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Posted by Don on February 7, 2010 in Angler Improvement Articles with No Comments

by Don Allphin

When Gary Winterton of “Hooked on Utah” invited me to accompany him on a little fly fishing adventure to the Green River last week, little did we realize that a wading trip would quickly turn into a full-blown float trip through the “A” section of the Green River from just under Flaming Gorge Dam to Little Hole.

After meeting Eric Manwaring and Rodney Kirk of Thunderstick Hunting Preserve, while on a late-season elk hunt, I told Manwaring of our plans to fish the “Green.”  “My little brother is a guide on the river,” he said.  “I’m sure he’d love to take you guys on a float trip.”  And, before you could rig up a rod and reel, the date was set and last Thursday we met at the Flaming Gorge Resort, and were treated to a day on the water with guides Spencer Manwaring, Kevin Clegg, and Shane White.

“February is a little hit-and-miss” said Spencer Manwaring as we prepared to launch his drift boat. “It’s dependent on weather, and we’re about a month away from the river really turning on.”  Winterton and I were just happy to be floating instead of wading in the cold, winter water, and were excited to see what the day would produce. Winterton fished a ginger streamer and I experimented with several different techniques with a spinning rig.  Although I have fly fished all my life, a shoulder injury a dozen years ago still keeps me from using a fly rod for long periods of time.

The weather was perfect and we soon began catching fish.  Winterton, in the front of the boat, struck first with a beautiful 16-inch brown, while I eventually caught a nice rainbow on a black wooly bugger rigged on a drop shot.  We took turns most of the day with ginger being the most popular color of the trip.  We both found our fish near the bank early in the day.  They wanted our flies right on or very near the bottom.  I switched to a 1/8-ounce jig to insure I was fishing near the bottom.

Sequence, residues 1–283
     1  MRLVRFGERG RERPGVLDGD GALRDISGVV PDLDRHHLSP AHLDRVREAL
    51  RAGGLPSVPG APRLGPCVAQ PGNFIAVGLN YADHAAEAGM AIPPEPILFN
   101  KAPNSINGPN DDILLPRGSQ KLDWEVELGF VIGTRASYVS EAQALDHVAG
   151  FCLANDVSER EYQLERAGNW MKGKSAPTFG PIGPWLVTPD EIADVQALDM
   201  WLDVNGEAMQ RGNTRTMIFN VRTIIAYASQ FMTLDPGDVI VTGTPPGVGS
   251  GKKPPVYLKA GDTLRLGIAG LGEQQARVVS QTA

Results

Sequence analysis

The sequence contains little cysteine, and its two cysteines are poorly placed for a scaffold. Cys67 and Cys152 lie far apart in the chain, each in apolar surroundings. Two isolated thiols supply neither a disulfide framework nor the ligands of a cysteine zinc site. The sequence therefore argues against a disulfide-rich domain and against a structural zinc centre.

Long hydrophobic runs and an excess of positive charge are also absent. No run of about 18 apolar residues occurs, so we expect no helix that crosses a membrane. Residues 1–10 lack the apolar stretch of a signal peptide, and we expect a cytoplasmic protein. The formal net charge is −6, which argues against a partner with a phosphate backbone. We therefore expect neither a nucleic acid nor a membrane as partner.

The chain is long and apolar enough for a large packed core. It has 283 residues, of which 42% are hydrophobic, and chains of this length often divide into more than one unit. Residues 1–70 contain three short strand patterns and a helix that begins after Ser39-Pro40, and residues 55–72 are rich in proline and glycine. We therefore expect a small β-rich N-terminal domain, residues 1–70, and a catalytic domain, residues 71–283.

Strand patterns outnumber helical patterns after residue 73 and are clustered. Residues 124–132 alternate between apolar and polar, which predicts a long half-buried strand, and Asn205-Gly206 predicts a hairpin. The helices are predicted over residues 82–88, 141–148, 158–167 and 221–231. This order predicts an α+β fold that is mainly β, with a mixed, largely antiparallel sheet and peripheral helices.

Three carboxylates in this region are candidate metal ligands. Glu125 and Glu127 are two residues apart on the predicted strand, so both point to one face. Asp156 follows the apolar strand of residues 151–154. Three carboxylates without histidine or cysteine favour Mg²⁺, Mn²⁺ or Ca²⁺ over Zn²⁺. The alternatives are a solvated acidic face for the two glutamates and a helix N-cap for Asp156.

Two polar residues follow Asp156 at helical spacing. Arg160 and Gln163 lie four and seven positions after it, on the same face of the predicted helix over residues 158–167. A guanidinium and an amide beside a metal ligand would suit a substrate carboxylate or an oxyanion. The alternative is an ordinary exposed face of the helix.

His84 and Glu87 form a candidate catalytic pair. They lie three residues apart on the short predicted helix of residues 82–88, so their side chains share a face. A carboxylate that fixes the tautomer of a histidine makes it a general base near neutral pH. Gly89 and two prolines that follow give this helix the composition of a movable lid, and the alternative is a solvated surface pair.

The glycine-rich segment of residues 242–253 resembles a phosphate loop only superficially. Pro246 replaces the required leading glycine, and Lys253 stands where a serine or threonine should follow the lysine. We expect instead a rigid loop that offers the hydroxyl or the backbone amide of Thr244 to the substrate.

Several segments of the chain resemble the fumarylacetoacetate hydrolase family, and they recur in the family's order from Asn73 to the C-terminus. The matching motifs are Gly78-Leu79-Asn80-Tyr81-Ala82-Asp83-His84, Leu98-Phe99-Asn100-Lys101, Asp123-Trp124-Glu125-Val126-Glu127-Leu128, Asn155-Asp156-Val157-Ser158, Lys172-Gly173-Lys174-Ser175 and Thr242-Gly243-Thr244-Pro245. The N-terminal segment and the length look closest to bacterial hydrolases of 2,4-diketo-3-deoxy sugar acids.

I can’t say enough about our guide.  Spencer Manwaring handled the drift boat like a pro and knew how to read the water as well as I’ve experienced before.  He recognized where the fish wanted to hold and put us right on top of the best water. “Sometimes the fish want to be in the shade and sometimes they want the sun,” he said.  “Today, it appears they like the shade.”

After catching a couple of dozen trout from 14 to 18 inches in length, we exited the river under the watchful eye of a bald eagle from his perch in a nearby tree.  February is a great time to be on the Green River.  There are no crowds, the fishing is great, and the Flaming Gorge Resort stands ready to provide shuttle service, guides, and accommodations at special winter rates.  Contact them at 1-877-FG-TROUT or online at www.FlamingGorgeResort.com.

« previous post

Change Gears When Fishing Is Slow

by Don Allphin After a 30-year hiatus Orrin Olsen and his son Grant joined me for a day and a half of fishing on Flaming Gorge last week.  Orrin and I were friends in high school and had some great times on Strawberry in the early ‘70s.  We went our separate ways after high school and we ...

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